RELATED:Learn more about the College’s study abroad program in Cuba

The program that Holmes speaks of, though, is vastly different than the program the first 100 students to study in Havana experienced. In 2000, when International Studies Department Chair Douglas Friedman and Professor Emeritus of Hispanic Studies Jose Escobar launched the program with 20 students, participants spent four weeks and lived in what was essentially a hotel. When the embargo in Cuba was tightened in 2004, it required that those visiting with an education license must spend a minimum of 10 weeks. That was when the program went from a summer study-abroad experience to a full semester.

Photo taken in Cuba by Douglas Friedman

Photo taken in Cuba by Douglas Friedman

These restrictions caused many universities to end their own programs in Cuba, but the College’s commitment to sharing the educational and cultural opportunities in Cuba kept the program alive. “In 2004 there were more than 100 universities with programs in Cuba,” Friedman said. “In 2005 there were three.”

RELATED: Check out the department of international studies

2007 marked the first spring semester in Havana – after attempting a hurricane-filled fall semester in 2005 – and the program has remained in the spring since. Students now live in apartments on the outskirts of Havana, allowing them easy access to the city without the round-the-clock distractions of Havana in such close proximity. It also makes students clean up and cook for themselves, providing them a more immersive experience.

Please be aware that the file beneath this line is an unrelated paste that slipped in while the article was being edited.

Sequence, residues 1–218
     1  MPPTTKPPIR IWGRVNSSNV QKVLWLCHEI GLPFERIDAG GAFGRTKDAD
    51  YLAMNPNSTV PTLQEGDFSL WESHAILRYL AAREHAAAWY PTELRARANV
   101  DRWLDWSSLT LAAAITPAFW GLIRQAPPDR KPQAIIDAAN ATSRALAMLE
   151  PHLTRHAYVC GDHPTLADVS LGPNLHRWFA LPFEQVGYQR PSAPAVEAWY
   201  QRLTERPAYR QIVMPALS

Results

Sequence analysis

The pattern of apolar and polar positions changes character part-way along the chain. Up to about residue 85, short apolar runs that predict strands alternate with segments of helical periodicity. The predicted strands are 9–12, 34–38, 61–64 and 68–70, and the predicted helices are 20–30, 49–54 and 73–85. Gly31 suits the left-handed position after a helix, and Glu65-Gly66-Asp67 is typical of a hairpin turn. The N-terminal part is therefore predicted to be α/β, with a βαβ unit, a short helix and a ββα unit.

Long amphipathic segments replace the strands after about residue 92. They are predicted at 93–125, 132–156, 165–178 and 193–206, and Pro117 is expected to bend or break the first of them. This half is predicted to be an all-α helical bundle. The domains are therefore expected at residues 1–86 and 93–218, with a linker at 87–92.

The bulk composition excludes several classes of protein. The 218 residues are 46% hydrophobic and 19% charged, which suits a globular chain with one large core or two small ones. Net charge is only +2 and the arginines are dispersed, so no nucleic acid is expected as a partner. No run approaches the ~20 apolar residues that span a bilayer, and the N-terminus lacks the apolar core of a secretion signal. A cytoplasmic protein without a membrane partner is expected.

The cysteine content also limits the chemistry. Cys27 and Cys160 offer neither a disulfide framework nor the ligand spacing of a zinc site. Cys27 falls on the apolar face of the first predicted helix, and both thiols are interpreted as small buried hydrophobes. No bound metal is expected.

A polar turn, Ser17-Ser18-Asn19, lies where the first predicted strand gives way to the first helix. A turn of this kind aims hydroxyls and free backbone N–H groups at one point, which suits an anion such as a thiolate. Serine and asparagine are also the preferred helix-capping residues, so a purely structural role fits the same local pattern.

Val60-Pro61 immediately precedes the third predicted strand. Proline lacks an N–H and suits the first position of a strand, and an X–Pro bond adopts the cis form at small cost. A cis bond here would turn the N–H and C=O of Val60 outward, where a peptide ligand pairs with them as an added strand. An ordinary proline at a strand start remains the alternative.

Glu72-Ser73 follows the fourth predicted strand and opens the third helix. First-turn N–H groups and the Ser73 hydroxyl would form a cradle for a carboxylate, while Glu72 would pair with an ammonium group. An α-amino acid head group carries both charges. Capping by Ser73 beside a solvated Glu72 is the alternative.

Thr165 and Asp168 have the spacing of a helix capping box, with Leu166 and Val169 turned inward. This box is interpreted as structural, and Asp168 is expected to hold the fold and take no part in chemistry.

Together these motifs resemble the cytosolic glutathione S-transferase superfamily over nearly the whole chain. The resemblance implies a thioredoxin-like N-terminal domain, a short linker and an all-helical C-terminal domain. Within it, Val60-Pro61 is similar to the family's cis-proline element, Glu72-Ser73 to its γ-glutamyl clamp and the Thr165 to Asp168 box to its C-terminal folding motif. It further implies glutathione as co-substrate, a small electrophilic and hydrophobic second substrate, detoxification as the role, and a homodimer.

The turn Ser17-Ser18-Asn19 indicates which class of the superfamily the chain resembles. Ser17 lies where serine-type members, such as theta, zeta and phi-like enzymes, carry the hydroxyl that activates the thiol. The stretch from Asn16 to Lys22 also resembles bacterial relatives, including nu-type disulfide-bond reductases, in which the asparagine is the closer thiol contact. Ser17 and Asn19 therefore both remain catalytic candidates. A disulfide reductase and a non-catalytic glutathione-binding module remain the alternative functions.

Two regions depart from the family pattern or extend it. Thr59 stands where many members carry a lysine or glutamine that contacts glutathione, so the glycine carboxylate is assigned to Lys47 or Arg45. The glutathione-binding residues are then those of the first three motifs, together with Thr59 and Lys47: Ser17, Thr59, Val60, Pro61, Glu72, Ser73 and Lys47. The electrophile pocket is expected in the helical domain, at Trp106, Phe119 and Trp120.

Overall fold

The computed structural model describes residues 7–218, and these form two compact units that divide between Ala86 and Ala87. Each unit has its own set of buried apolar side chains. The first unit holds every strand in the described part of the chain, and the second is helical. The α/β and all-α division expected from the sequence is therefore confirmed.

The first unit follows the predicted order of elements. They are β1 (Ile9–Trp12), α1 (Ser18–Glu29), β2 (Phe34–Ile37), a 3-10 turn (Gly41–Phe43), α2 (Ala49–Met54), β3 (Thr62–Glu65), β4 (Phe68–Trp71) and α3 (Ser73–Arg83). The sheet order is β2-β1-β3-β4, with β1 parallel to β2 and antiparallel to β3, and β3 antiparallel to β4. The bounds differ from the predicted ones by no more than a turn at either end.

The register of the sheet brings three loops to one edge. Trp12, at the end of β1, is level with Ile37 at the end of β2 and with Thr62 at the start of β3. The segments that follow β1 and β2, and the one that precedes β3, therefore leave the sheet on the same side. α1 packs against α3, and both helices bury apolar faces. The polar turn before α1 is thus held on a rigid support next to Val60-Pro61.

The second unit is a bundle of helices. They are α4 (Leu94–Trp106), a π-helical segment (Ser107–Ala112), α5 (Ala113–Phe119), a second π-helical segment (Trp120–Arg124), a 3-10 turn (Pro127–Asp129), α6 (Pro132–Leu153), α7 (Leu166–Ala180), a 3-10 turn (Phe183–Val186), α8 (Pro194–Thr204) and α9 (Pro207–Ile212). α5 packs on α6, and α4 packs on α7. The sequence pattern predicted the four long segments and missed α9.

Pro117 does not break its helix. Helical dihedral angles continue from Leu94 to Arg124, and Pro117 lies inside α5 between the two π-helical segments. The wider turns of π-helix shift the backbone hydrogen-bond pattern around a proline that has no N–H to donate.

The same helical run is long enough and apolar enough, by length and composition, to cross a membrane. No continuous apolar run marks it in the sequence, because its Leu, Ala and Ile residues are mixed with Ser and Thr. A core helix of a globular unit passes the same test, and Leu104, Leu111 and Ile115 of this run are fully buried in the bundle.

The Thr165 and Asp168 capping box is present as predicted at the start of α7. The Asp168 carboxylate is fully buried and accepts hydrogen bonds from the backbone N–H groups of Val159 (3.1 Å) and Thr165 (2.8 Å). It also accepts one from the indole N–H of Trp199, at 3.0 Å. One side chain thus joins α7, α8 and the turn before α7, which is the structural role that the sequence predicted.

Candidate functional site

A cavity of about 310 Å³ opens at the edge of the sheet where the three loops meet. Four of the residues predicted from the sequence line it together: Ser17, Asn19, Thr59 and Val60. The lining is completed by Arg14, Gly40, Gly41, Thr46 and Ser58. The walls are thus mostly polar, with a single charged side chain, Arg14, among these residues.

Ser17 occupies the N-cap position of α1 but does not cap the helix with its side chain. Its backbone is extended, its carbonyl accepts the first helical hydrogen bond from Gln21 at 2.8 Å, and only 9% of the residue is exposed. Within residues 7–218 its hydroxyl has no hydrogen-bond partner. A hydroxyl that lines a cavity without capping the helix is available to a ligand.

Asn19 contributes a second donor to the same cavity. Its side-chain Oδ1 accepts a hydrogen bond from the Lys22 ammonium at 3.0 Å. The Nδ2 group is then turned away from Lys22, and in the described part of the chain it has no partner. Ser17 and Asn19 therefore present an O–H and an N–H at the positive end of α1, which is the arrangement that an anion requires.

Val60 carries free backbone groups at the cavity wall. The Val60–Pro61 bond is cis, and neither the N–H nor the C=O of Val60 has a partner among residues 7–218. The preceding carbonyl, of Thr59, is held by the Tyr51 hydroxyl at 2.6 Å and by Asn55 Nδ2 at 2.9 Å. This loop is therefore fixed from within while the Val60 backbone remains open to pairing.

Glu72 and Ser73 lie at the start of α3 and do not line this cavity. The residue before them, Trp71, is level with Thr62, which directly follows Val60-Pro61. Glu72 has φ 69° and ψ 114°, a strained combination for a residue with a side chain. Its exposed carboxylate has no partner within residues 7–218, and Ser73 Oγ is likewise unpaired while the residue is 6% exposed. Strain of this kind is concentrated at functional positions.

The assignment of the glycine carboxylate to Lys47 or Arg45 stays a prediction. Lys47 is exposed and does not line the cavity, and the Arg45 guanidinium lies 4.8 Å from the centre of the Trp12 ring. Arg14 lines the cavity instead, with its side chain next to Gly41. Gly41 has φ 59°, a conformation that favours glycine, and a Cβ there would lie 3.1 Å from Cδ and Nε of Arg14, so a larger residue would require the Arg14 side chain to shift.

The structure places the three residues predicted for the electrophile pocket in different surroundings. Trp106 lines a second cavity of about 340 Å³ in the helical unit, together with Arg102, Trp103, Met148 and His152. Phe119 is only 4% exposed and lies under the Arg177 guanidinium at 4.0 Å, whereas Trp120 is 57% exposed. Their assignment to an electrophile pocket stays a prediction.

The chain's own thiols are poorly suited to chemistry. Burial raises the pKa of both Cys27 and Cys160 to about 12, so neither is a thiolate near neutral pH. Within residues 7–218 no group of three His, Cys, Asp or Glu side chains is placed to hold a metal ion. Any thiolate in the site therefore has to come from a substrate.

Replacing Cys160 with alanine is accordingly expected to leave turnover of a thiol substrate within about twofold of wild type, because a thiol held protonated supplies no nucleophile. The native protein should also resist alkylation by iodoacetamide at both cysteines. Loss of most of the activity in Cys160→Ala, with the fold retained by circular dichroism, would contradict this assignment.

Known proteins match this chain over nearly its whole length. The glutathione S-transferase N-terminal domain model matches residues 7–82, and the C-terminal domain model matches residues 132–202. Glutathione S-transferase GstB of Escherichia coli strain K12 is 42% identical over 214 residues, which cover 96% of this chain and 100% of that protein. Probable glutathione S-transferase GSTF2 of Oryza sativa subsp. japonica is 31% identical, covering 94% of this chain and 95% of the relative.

“We’ve progressively tried to make the experience more genuine,” Friedman said. “Now we’re able to rent apartments for short-term use, and students have full kitchens – they’re actually living there. They have to deal with the same food shortages that Cubans deal with, they have to learn the different currencies, and they have to learn to navigate Havana. It’s a much more immersive experience.”

Holmes, who lived in the apartments, is a testament to this. “There is not a better place I could think of to get a full experience of pure Latin American culture,” she said. “I feel like a gained a Cuban family as well as a College of Charleston family.”

Holmes’ account of her time in Havana reflects the many unique opportunities provided through the program – not only is the Cuba program very small, allowing for students to form a tight-knit community, but also living in an embargoed country for 11 weeks is something that few Americans can experience.

cuba study abroad

Photo taken in Cuba by Britton Holmes

This is unlike any of the other programs we have,” Associate Provost for International Education Andrew Sobiesuo said. “In terms of the experience, the facilities and the adjustment that students have to make. They really learn to appreciate the advantages they have as Americans when they see what Cubans go through on a daily basis. It makes their experience much richer.”